The little guys lost twice in Supreme Court decisions involving
technology last week, but in both instances the rulings hardly
represent the end of online battles.
The case that has attracted the most attention is also the most
straightforward. At issue is whether Internet file-sharing companies
can be held responsible if they encourage users to trade copyrighted
music and videos without paying for the materials.
Some attacked the unanimous decision, charging that the threat of
legal action would stifle needed innovation even as it allowed major
studios to cling to obsolete business practices. But the growing
presence of firms that offer legal download options undermines that
argument and ignores a more important one: the ubiquity of
file-swapping itself threatens innovation by denying artists their
The second decision involved whether cable companies must allow
competing Internet providers to use their networks to offer high-speed
service. Voting 6-3, the majority punted, saying that such decisions
are the purview of the Federal Communications Commission.
But the FCC already has ruled that cable systems are distinct from
telecommunications companies, and thus do not have to offer equal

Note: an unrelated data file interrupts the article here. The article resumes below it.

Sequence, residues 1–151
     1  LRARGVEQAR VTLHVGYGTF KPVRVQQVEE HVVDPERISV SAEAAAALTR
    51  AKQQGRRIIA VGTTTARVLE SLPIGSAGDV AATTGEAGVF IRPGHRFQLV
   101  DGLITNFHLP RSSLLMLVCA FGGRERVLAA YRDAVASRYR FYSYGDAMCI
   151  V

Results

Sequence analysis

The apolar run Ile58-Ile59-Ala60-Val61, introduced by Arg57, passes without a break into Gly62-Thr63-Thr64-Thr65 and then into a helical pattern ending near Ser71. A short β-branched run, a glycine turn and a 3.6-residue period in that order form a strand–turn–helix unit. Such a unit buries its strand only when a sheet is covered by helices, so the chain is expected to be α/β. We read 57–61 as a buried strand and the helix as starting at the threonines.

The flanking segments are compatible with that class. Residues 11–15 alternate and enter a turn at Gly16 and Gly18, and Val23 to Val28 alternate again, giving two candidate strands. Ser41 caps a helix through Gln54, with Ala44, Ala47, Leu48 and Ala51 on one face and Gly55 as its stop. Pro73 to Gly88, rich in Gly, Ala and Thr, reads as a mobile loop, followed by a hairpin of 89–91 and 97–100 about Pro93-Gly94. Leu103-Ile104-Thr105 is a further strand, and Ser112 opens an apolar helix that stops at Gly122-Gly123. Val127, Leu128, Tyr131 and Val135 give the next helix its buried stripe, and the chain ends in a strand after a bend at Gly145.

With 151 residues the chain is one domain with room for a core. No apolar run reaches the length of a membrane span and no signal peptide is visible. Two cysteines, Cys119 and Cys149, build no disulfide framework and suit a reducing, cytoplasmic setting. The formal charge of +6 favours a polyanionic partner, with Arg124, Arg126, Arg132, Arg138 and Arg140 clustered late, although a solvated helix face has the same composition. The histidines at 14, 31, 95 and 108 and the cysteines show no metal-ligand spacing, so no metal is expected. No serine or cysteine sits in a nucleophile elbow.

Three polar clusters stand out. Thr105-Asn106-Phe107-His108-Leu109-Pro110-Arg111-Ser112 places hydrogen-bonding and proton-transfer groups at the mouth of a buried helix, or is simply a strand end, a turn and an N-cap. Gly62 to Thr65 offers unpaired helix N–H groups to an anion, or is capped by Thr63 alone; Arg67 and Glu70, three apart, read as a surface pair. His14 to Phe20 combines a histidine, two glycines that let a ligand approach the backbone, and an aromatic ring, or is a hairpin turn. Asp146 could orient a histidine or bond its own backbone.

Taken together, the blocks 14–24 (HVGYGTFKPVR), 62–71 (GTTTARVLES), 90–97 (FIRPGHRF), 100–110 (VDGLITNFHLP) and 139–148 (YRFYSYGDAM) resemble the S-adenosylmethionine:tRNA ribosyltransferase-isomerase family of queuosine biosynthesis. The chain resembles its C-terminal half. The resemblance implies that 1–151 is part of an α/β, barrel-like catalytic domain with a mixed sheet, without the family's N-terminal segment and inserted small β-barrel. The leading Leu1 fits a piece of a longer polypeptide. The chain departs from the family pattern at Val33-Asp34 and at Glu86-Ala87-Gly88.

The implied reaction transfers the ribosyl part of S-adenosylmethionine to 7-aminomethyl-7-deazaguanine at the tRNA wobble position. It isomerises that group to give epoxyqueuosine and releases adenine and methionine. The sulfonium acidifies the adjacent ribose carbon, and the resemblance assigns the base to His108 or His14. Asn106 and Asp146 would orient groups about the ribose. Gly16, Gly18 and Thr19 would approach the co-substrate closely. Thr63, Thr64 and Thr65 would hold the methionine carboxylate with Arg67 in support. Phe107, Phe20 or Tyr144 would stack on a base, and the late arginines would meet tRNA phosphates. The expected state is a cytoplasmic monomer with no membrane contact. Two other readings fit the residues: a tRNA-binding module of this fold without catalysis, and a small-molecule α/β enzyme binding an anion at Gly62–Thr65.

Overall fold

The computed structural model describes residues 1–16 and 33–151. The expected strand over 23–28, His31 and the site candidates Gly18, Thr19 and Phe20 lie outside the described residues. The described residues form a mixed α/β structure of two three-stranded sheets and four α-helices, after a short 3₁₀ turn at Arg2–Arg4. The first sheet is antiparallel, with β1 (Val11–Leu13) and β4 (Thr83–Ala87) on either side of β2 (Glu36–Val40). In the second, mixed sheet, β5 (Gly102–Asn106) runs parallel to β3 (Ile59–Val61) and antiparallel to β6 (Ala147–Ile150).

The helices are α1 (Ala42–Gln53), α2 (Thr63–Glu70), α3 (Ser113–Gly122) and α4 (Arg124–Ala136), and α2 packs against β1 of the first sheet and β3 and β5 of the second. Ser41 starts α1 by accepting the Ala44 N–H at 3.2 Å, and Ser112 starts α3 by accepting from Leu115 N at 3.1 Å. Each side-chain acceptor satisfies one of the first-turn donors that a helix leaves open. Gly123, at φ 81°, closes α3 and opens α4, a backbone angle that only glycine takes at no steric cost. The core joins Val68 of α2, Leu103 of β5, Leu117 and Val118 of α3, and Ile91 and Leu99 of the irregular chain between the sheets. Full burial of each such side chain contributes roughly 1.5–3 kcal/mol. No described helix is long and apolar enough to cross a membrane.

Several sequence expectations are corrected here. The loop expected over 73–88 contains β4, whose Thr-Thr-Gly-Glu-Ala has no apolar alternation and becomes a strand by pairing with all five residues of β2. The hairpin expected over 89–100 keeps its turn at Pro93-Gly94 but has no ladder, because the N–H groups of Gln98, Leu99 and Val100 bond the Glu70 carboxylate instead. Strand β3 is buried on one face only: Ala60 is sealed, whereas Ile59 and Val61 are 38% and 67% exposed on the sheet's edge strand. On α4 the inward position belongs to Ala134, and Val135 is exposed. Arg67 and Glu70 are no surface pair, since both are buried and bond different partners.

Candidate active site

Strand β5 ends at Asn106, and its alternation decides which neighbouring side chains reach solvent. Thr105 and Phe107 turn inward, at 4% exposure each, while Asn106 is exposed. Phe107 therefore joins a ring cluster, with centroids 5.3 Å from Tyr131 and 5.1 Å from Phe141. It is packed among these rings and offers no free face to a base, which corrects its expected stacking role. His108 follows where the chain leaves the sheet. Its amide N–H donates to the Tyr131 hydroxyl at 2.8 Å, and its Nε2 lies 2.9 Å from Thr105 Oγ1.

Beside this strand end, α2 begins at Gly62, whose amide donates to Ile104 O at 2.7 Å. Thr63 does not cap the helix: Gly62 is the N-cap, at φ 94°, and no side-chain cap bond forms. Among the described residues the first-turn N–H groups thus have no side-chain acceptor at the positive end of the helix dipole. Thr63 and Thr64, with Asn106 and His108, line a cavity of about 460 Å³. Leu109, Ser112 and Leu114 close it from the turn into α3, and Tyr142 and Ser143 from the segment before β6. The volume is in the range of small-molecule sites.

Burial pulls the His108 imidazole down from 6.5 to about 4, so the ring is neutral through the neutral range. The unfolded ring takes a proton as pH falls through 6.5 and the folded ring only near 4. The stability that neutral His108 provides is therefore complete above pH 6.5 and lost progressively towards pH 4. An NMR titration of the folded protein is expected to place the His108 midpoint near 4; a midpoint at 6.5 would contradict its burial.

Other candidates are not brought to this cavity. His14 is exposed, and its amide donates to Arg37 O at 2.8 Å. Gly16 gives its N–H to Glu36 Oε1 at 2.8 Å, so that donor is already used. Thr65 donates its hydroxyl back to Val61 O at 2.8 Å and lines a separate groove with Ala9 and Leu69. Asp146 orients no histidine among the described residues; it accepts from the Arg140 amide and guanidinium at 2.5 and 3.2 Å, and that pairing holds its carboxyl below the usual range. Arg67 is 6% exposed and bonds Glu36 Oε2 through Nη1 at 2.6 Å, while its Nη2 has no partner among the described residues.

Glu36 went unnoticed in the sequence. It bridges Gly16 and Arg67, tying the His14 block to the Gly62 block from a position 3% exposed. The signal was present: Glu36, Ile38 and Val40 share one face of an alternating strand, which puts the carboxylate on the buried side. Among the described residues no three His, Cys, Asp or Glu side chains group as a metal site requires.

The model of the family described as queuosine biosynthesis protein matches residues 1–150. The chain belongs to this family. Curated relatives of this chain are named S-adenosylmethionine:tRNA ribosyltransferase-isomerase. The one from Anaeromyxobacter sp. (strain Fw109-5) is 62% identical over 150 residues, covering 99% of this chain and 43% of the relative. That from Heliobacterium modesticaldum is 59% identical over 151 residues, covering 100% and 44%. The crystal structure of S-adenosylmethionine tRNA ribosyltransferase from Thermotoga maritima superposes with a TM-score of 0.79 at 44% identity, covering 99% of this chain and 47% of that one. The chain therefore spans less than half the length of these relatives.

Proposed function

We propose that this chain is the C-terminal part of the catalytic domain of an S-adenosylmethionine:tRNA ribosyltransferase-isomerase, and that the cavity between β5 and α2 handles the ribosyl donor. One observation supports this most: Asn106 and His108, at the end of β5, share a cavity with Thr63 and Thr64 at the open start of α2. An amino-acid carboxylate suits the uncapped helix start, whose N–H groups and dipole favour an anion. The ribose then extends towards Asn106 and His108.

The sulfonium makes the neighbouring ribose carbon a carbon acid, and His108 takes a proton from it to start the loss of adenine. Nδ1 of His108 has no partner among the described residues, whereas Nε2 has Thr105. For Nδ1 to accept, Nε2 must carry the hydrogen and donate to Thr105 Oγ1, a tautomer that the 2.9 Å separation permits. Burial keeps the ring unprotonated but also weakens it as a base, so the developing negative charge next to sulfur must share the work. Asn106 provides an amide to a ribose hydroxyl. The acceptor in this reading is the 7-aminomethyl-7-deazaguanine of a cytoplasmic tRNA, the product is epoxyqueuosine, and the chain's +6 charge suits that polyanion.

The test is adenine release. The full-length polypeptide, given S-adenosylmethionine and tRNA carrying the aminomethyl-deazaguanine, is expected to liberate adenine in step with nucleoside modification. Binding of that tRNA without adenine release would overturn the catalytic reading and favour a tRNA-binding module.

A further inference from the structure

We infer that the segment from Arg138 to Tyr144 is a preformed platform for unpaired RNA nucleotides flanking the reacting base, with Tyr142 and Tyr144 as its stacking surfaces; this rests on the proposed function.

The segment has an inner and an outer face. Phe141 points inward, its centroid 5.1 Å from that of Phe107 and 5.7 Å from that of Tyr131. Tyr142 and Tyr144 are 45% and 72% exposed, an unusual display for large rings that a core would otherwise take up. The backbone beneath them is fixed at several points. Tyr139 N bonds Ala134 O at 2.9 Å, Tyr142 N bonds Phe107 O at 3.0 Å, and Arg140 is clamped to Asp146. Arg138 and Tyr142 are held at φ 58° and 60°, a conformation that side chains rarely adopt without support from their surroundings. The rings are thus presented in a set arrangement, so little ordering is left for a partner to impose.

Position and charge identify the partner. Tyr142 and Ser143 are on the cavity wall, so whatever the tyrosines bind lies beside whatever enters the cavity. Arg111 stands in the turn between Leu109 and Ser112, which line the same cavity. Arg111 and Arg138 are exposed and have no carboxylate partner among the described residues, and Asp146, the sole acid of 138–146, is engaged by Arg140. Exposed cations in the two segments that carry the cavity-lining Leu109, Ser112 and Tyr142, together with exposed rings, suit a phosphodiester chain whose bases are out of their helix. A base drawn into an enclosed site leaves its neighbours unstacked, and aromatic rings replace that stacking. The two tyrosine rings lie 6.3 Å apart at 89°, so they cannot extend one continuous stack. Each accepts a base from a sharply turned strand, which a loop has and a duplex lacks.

access to lines. In a sharp dissent, Justice Antonin Scalia accused
his colleagues of making false distinctions between the services - and
worse, shirking the court's obligations.
The cable companies cheered, and the telecoms made noise about wanting
similar provisions. Congress -- which writes the laws on which the FCC
is supposed to issue regulations -- should be braced for lobbying of
unprecedented intensity and expense.
As quixotic as it may sound, we urge members of Ohio's delegation to
remember consumers in this process. The value of the Internet is
inherent in the universal opportunities it allows; if services are
narrowly controlled, huge opportunities for abuse exist.
As several critics argued after the opinion, if a single company
controls high-speed Internet in a community, it could deny -- or at
the very least slow down -- users' access to items the system's owners
oppose. Just consider the frightening implications for companies
competing to offer specific downloads, or political candidates seeking
to spread their platforms. Citizens win in free and robust exchanges;
it is crucial that Congress allow them to flourish.
Copyright 2005 cleveland.com.
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